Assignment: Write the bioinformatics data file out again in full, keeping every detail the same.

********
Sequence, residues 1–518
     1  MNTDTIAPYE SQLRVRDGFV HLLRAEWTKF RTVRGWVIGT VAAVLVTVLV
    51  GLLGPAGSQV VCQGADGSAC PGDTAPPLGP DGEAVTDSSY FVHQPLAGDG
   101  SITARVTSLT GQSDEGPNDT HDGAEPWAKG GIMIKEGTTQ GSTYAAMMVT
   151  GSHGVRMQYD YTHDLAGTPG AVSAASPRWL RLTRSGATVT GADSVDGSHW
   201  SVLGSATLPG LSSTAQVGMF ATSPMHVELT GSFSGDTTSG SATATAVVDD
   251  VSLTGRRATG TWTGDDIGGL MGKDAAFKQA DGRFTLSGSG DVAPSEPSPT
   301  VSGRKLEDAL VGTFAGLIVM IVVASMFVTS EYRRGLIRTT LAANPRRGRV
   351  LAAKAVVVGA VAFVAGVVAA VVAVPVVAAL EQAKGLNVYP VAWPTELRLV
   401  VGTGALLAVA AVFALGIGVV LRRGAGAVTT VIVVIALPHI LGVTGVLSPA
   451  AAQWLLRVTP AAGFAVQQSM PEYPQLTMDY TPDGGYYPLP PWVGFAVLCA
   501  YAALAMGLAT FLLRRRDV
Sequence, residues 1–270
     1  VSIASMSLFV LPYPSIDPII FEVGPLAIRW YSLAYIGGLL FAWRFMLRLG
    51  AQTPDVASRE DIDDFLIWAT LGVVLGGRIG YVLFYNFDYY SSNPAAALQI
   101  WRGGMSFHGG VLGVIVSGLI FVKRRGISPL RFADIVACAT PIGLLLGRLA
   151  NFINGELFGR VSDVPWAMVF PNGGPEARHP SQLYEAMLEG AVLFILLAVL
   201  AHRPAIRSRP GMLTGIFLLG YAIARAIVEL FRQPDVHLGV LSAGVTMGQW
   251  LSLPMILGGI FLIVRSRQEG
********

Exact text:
Sequence, residues 1–518
     1  MNTDTIAPYE SQLRVRDGFV HLLRAEWTKF RTVRGWVIGT VAAVLVTVLV
    51  GLLGPAGSQV VCQGADGSAC PGDTAPPLGP DGEAVTDSSY FVHQPLAGDG
   101  SITARVTSLT GQSDEGPNDT HDGAEPWAKG GIMIKEGTTQ GSTYAAMMVT
   151  GSHGVRMQYD YTHDLAGTPG AVSAASPRWL RLTRSGATVT GADSVDGSHW
   201  SVLGSATLPG LSSTAQVGMF ATSPMHVELT GSFSGDTTSG SATATAVVDD
   251  VSLTGRRATG TWTGDDIGGL MGKDAAFKQA DGRFTLSGSG DVAPSEPSPT
   301  VSGRKLEDAL VGTFAGLIVM IVVASMFVTS EYRRGLIRTT LAANPRRGRV
   351  LAAKAVVVGA VAFVAGVVAA VVAVPVVAAL EQAKGLNVYP VAWPTELRLV
   401  VGTGALLAVA AVFALGIGVV LRRGAGAVTT VIVVIALPHI LGVTGVLSPA
   451  AAQWLLRVTP AAGFAVQQSM PEYPQLTMDY TPDGGYYPLP PWVGFAVLCA
   501  YAALAMGLAT FLLRRRDV
Sequence, residues 1–270
     1  VSIASMSLFV LPYPSIDPII FEVGPLAIRW YSLAYIGGLL FAWRFMLRLG
    51  AQTPDVASRE DIDDFLIWAT LGVVLGGRIG YVLFYNFDYY SSNPAAALQI
   101  WRGGMSFHGG VLGVIVSGLI FVKRRGISPL RFADIVACAT PIGLLLGRLA
   151  NFINGELFGR VSDVPWAMVF PNGGPEARHP SQLYEAMLEG AVLFILLAVL
   201  AHRPAIRSRP GMLTGIFLLG YAIARAIVEL FRQPDVHLGV LSAGVTMGQW
   251  LSLPMILGGI FLIVRSRQEG